then they got nasty. i got this scathing letter back saying so and so publisher has been doing comics for ages and they aren't some fly by night organization! they know what they're talking about just do it! now keep in mind that to this point i've been nothing but cordial, and i've done my very best to educate them as tot he process so they can at least understand where i'm coming from. couple that with the fact that this "publisher" hadn't so much as put out a single book. ever. so yeah, when i got the nasty letter it took me about an hour to come down out of orbit.

so i lettered the two remaining pages, my way, and resigned. i'm not about to get into an email flame war over something i'm not even really getting paid enough to warrant the hassle. i told them thanks, but i'm done, find another whipping boy.

about two months later i get an email out of the blue, and it's the writer creator of the book in question. he sent a very sincere apology, saying that the next letterer had the same issues i did, and only then did they realize i wasn't full of shit. in fact, the artist had to start paying attention to what he was drawing, and holy smokes the new letterer was using a template just like mine because in fact those pesky outsized pages don't reproduce worth a damn in print and they're an absolute pain in the ass to re-size after the fact.

so yeah, it ended up being pretty funny really. but it still raises my blood pressure just talking about it. it's bad enough dealing with stupid issues they create for you and fixing them basically for free, but then to have to hear that after trying to help...no thanks. i doubt anyone could pay me enough to deal with that crap.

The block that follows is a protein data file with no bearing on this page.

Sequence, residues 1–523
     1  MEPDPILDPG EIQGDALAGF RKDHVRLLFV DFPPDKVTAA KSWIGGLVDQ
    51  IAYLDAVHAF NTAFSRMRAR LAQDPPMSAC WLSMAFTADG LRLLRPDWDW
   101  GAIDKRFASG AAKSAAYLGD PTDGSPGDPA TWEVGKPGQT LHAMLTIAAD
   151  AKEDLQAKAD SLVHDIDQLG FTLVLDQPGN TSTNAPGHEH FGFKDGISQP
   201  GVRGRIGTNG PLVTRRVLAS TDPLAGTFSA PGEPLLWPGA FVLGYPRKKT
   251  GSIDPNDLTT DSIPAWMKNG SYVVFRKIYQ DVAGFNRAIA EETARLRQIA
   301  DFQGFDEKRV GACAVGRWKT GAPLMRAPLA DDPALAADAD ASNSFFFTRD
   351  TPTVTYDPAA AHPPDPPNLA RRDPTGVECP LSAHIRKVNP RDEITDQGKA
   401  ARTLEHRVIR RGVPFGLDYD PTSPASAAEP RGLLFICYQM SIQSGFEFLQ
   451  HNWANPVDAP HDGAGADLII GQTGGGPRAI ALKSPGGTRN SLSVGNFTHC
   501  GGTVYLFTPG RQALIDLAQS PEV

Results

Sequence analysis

theflash 08-05-2009 04:24 PM

Quote:

Originally Posted by JimCampbell
When you point this out, you get a blank look followed by "Is that something you can fix at your end?"


lol that's freakin classic!!

r nelson 08-05-2009 05:58 PM

That is the EXACT part of Jim's post I was going to quote, Cary.

SO true... And what do we (well, I do anyways) always say?

I shouldn't HAVE to... *sigh* ... YES, I can fix it.

- Richard

JimCampbell 08-05-2009 06:43 PM

Quote:

Originally Posted by r nelson

I shouldn't HAVE to... *sigh* ... YES, I can fix it.

That's the thing, though, isn't it? You do that little mental calculation and work out that, yes, I could actually fix this in less time than it will take me to explain what's wrong with this page, never mind tell you how to actually put it right ...

Cheers!

Jim

Comix! 08-05-2009 07:04 PM

I was involved with a few issues of a title where the page files were, of course, not sized, and the proportions were also, of course, not correct. It really was not apparent if they were supposed to be bleed pages or not because of the layout of the panels on many of the pages. The editor said to do my best with it. He was a friend and I was helping them at the time for less than peanuts.

Sometime later at a show I met the inker of that book and I mentioned to him the frustration I'd had with it, and he said, "Oh yeah, that was the guy who did his pages using manga proportions."

theflash 08-05-2009 07:23 PM

Quote:

Originally Posted by Comix!
Sometime later at a show I met the inker of that book and I mentioned to him the frustration I'd had with it, and he said, "Oh yeah, that was the guy who did his pages using manga proportions."

lol it's right about then that you really wish you had the dark side of the FORCE so you could just choke him where he stands! "oh yeah sorry we failed to mention that. didn't think you needed to know!" rrrrr

Thomas Mauer 08-06-2009 08:08 PM

This used to be a big problem, but then Popgun came along which was a great motivator to find ways to get artists to resize their own crap. This is the result, and it's been a breeze ever since (open in Photoshop to see the live area guides):

http://popguncomics.com/single-page-template.tif
http://popguncomics.com/spread-template.tif

Download them, share them, give them to every single artist you come into contact with.

Be aware that some printers/publishers require different bleeds, so add the canvas accordingly. These live area guides are the best solution for trades though.